Often I have to remind myself there are many kinds of poets. When a poem dazzles me, it’s easy to throw shade on my own work, to feel drab next to their shine.
Dylan Thomas is one of my favorite poets, if not my absolute favorite. That said, I doubt I’ve understood two of his poems. Despite that, I love the density of his language and startling imagery. I feel inspired every time I read his work because it is something beautiful and out of reach that keeps me reaching further.
That said, I’ve been equally impacted by poets like Robert Frost or Philip Larkin. While their poems tend to be more accessible, they are full of their own beauty and feeling. If everyone were a Thomas, no one would be a Larkin, and the world would be poorer for it.
When I think of poems I’ve finished and thought, “That was just what I want a poem to be,” I realize how different they all are. Modern verse; sonnets; mundane images; bizarre scenes; meaningful; absurd…all these have a place in poetry’s bouquet. At the end of the day, I’m grateful for this garden of variety. And this makes it easier for me to see that my own blooms have a place, adding their own color and fragrance.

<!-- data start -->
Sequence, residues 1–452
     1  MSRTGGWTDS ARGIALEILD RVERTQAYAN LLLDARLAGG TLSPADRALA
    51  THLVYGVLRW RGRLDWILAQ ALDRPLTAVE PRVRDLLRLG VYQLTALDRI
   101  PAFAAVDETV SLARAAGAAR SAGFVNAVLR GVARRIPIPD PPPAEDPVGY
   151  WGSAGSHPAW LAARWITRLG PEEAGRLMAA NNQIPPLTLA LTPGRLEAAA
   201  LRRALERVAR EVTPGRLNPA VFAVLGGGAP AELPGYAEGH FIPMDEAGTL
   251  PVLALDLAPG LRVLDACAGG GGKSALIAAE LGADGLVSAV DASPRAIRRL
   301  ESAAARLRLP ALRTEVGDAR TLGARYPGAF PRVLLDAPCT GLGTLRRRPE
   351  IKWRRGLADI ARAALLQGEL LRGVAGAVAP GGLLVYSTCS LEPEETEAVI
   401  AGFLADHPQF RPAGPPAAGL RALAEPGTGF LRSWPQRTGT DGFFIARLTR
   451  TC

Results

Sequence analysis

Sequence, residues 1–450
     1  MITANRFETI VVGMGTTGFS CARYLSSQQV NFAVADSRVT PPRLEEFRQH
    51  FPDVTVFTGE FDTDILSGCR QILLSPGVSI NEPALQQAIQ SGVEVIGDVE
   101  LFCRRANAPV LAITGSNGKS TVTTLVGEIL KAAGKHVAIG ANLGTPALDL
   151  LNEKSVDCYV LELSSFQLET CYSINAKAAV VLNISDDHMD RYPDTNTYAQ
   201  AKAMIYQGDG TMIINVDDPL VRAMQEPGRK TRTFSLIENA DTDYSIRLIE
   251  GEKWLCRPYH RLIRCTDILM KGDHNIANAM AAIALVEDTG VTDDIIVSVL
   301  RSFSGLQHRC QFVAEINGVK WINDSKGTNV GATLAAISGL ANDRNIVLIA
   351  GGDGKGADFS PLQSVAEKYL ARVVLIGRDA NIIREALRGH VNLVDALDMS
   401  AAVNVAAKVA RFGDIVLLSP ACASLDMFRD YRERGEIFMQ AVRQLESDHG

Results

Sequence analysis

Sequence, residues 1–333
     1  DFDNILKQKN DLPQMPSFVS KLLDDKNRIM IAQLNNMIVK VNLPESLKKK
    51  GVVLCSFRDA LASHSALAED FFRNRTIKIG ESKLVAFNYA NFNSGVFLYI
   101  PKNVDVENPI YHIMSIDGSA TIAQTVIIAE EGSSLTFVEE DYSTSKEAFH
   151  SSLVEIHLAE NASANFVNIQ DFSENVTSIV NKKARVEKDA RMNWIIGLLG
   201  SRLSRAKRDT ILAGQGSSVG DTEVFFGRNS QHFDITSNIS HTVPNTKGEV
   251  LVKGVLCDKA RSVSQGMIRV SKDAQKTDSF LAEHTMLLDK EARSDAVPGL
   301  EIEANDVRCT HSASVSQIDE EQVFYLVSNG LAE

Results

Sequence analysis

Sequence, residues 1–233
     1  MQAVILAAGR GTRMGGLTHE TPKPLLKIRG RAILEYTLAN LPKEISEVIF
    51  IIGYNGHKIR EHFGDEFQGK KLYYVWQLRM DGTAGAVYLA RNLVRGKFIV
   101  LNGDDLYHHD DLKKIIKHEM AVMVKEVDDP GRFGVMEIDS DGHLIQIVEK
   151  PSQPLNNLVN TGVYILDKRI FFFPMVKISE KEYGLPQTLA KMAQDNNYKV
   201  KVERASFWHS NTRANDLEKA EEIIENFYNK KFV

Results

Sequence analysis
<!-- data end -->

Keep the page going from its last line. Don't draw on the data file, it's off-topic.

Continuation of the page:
Below is a poem from my first book of poems, The Wind and the Shadows. This poem describes another kind of flower garden and explores the tension of differences and liberty.
Happy Birthday, USA On the Fourth of July my daughter and I drive across town, park on a hill, and watch this year’s fireworks display. It starts off, literally, with a bang: A white-hot stem snakes up into the clouds like Jack’s beanstalk, then bursts in a bright-blue bloom. Purple plumes, white cascading bells, orange POP! POP! Poppies, and other varieties flower in fire as a pyrotechnic garden flourishes before our very eyes. On the other side of the street, a drunken round of “Happy Birthday” erupts as some people raise beer cans to America. For a moment, a red rocket bursting in the air glares with me. But then I join in the song, adding a high harmony to their melody. Sweet land of liberty… of thee I sing.